Don’t horse around at the border

Horses and other livestock cross the border between Canada and the United States every day without a hitch – excuse the pun – whether competition horses, recreational horses or horses for breeding or farming, on a temporary basis or for permanent import. Transporting live animals can be very stressful for them, as well as for you, so you don’t want to be unnecessarily detained at the border trying to sort out paperwork.

Here are a few tips on how to make the process as smooth as possible so you won’t feel like a jackass.

  • Decide if the animal is entering on a temporary or permanent basis. There are different rules for each scenario. Horses can enter Canada temporarily on an E29B import entry for a period up to 12 months from the U.S.. Horses that are bought or sold and imported into Canada will require payment of the applicable taxes at time of entry as well as a veterinary inspection. You will be charged a fee for the inspection and will need a bill of sale to establish the animal’s value. However, horses imported on a temporary basis (e.g. for competition) may enter free of tax provided you can prove the animal will not remain in Canada after the event. Horses entering for less than 30 days may not require a veterinary inspection at the border. Horses bred in Canada that live in the U.S. for more than 60 days are considered American horses, which means that if you purchase such an animal and return it to Canada you will be required to pay the tax.
  • Make sure your veterinary paperwork is up to date. You will need a current health certificate and an EIA (Coggins) test. Let your veterinarian know you intend to cross the border with the animal – he or she will probably be familiar with the paperwork required.
  • Not all border crossings offer veterinary inspections, so make sure you cross the border at a port where the service is available. Take note that the service is usually only offered weekdays from 9:00 a.m. to 5:00 p.m. It’s a good idea to check with your customs broker to find out where and when you can cross the border. You will need to make an appointment with the veterinarian in advance.
  •  Make arrangements well ahead of time. Better to make all the necessary inquiries and verify documents are in order before you hit the border as you may be turned back if something is amiss.
  • Certain Canadian provinces and American states have different regulations and requirements, so it is important to advise your customs broker where the animal is from and where it will be delivered in order to determine if any special documents are required. Animals that originate in countries other than the United States or Canada are more highly regulated and, in some cases, prohibited, so it is essential to inquire in advance for these animals.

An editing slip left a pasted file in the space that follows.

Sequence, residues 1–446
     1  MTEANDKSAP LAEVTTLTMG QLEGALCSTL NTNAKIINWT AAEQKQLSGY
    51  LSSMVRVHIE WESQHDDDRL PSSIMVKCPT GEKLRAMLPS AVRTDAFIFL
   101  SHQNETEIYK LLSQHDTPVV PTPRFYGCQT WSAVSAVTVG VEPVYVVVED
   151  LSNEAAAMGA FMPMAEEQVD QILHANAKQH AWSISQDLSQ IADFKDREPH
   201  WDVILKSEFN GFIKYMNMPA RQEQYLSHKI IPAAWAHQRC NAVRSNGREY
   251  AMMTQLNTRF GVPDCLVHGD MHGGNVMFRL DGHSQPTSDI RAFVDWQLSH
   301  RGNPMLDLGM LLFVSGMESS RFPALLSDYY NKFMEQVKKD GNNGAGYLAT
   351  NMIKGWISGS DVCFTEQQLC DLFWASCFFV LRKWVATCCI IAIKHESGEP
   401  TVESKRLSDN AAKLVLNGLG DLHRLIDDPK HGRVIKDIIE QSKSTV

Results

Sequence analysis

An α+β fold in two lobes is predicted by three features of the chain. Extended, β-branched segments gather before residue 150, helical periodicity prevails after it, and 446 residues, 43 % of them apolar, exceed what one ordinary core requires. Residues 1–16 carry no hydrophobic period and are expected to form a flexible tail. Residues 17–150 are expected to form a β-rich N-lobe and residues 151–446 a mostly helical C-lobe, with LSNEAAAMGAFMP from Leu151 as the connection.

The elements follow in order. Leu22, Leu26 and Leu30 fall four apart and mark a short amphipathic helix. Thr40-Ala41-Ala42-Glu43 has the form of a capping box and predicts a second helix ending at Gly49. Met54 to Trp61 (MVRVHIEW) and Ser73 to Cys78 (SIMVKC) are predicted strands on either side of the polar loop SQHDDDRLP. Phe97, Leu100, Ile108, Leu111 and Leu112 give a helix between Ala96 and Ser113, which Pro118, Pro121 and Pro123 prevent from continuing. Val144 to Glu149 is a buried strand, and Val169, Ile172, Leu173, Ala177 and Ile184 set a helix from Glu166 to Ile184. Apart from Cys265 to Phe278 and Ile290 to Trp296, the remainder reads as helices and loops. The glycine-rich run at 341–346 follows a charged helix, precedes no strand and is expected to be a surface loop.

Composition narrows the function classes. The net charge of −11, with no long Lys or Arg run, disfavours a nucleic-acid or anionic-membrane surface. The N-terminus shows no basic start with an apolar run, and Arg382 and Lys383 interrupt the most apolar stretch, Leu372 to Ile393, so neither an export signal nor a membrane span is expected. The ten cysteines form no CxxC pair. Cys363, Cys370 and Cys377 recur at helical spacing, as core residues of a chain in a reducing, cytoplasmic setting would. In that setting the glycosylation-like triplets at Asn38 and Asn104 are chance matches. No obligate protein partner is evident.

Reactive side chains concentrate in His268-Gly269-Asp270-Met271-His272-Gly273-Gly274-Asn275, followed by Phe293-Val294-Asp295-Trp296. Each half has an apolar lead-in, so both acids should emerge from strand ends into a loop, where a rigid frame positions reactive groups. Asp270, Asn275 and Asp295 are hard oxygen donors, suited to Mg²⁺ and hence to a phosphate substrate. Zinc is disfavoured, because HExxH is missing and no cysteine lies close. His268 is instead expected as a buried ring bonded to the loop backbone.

• A horse with no name. Usually documents are matched up by the name and description of the animal, so if the name on the health certificate is different from what appears on the bill of sale, you may have a problem. If you purchase a horse don’t change the name until after you have cleared customs and crossed the border.
  • Use your good “horse sense” and contact a customs broker. Your customs broker, whether in the U.S. or Canada, is your best bet to help you get through the border as smoothly as possible. Don’t forget to contact your broker well in advance with all the necessary details so that he or she is in a better position to help you make all the arrangements and appointments and verify if all your documents are in order.
  • Lastly, keep in mind that you must also notify your customs broker if you have purchased a trailer to transport the animal. There may be regulations or transport-related requirements to deal with. You may use your own trailer or appoint a specialized transporter, but, whichever you choose, your broker will need to know in advance.

Please note that all information on this blog is subject to change. All blog articles are for information purposes only. We are always available to answer in detail any questions our clients may have regarding the information in this blog.

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About the author
John Weight is a licensed customs broker, active in the customs brokerage industry since 1970. John possesses three designations: CSCB Canadian Society of Customs Brokers, Certified Customs Specialist (CCS) and Certified Trade Compliance Specialist (CTCS).

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